martyClocks are everywhere in Back to the Future, and Marty McFly’s digital watch is more than just a gag; there’s a reason that the poster shows him checking his watch: being in the right place at exactly the right time is a major plot point. Recently, another timepiece caught my eye in one of my favorite science fiction shows, Fringe.

Without spoiling the surprising twists the series takes, in its final season, there’s a certain amount of time travel involved. In episode seven of season five, “Five-Twenty-Ten”, Peter Bishop (Joshua Jackson) needs to pay very careful attention to the time at which specific events take place… and I really liked the watch he used. (I have no idea how you keep that synced while jumping around in time, but whatever.)

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I figured it would be tricky finding it since the brand name was blacked out for the episode, but naturally, someone else on the internet had already identified it. Thanks, internet! (It turns out that identifying watches worn by celebrities is a hobby for some people.) Ultimately, I learned it’s a Fossil Relic watch, model ZR15552… which is no longer in production. Darn! But hey, there’s eBay. Thanks again, internet! In short, I now own a little piece of Fringe history and I’m prepared for my next temporal displacement.

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I’m really gonna miss that show.

Watches almost seem like anachronisms today, with many people just using their cell phones to tell the time. Do you still wear one? Have you ever bought something because you saw it in a TV show or film?

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alternate wednesday: my favorite time machine

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“Might solve a mystery / Or rewrite history…”

Most people would probably guess that my favorite time machine in fiction is the DeLorean from the Back to the Future films. That’s a pretty good guess, and I would definitely like to own one someday! Preferably one that runs on a garbage-fueled fusion reactor and can fly. But the time machine I like the most is the Millennium Shortcut.

vlcsnap-2013-02-26-19h07m56s104Never heard of it? The Millennium Shortcut, likely a riff on Han Solo’s Millennium Falcon, was the time machine used in the five-part DuckTales miniseries, “Time is Money.” I loved the simple yet elegant design, clearly inspired by old-style alarm clocks—a giant leap forward from the first time machine Gyro Gearloose invented, the time-tub.

If you never saw it or no longer remember the premise of the story, which first aired as a TV movie in 1988, Scrooge McDuck tries to claim prior ownership of a cave of diamonds—before Flintheart Glomgold can steal it from him—by traveling back in time and scrawling his symbol, $, all over its walls with a laser. Through a series of mishaps (after all, Launchpad McQuack is piloting the Shortcut), they accidentally go much farther back, to prehistoric times, where they pick up two stowaways: cave duck Bubba and his pet triceratops, Tootsie. Hijinks ensue, and in the end, Bubba Duck joins the main cast for a season, and Duck Tales jumps the megalodon.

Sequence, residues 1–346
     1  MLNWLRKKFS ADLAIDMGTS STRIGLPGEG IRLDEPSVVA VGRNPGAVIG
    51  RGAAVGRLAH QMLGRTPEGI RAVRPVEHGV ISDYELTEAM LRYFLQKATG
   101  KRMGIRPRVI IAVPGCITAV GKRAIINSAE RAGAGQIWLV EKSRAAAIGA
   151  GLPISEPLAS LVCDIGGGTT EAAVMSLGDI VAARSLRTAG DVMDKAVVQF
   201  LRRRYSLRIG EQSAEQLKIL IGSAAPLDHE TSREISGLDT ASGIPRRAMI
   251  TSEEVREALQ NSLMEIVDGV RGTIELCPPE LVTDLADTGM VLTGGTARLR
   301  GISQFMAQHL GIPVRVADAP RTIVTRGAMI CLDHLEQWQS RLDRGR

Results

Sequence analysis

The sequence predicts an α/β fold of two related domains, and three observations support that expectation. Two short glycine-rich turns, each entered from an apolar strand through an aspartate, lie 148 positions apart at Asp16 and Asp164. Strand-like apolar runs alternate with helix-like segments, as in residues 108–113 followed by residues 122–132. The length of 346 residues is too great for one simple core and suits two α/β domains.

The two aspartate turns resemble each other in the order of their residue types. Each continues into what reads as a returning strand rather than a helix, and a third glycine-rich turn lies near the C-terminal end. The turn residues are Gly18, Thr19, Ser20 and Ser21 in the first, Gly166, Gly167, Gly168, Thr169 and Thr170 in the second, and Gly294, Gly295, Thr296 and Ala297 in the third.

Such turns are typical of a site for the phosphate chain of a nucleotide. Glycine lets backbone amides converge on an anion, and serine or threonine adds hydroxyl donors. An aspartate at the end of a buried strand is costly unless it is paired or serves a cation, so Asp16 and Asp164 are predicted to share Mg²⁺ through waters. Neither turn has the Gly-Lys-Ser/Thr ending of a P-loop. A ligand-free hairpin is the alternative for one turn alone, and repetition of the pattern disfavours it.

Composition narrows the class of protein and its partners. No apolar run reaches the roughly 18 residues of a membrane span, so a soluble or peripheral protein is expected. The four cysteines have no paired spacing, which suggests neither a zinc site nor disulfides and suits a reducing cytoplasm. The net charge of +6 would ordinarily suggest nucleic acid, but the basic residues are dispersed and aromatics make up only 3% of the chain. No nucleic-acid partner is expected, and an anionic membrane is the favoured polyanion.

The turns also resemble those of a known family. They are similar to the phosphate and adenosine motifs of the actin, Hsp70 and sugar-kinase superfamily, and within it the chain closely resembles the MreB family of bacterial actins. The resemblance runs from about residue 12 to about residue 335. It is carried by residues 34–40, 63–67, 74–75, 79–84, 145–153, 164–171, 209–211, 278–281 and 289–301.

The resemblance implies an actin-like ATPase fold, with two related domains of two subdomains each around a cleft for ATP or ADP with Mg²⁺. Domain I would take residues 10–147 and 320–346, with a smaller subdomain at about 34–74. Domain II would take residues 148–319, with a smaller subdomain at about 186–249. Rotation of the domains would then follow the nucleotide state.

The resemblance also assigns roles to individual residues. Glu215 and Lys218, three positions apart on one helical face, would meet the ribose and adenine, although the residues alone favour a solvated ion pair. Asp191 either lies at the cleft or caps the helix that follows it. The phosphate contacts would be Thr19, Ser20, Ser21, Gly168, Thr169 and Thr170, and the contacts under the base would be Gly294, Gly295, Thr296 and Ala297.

Okay, so the plot doesn’t make a whole lot of sense, even for a time travel story. But it’s so unabashedly nonsensical, with plenty of sappy moments, I couldn’t help loving it. And I always enjoyed multi-part episodes of my childhood cartoons because stories spread out over two, four, or five episodes were so much bigger in scope than your usual 22-minute episode.

vlcsnap-2013-02-26-19h11m59s33But my favorite thing about the Millenium Shortcut (other than its name) was the unique power source that enabled it to travel in time: bombastium. It was a rainbowy element that took the form of a popsicle, and it had to remain frozen in order to work. You didn’t even need a time machine to use it, but without a computer to control it, licking it would take you to a random time period, with no reliable way home. I had thought Gyro somehow invented bombastium, but when I just researched it, I learned it isn’t even original to DuckTales.

Like many stories and plot elements in the series, bombastium was borrowed from a Carl Barks comic. (I really need to read all of those.) According to Wikipedia:

Source: http://www.cbarks.dk/

Source: http://www.cbarks.dk/

Bombastium is stated to be the rarest element in the world. Even though it is very coveted, its usage potential is not entirely known. One characteristic is that it tastes different every time you try it, and scientists eventually discovered that one atom of bombastium dropped into a barrel of water becomes one barrel of ice cream: a different flavor of ice cream each time. To avoid evaporation, bombastium must be kept frozen.

vlcsnap-2013-02-26-12h59m03s242On Duck Tales, bombastium just melts, which adds a kind of ticking clock (ha ha) to the climax of the story where Bubba is running out of time (sorry!) to get back to Duckburg. Fortunately, the computer is smart enough to locate the correct time just by fixing on his crudely drawn sketch of Uncle Scrooge and the directive, “Find Scooge!” Nonsense maybe, but the Shortcut was designed specifically for Launchpad to operate, after all.

There were some other great time machines to come out of the Disney Afternoon, which I will probably mention in later posts. But now it’s your turn: In the comments below, tell me about your favorite method of time travel in fiction.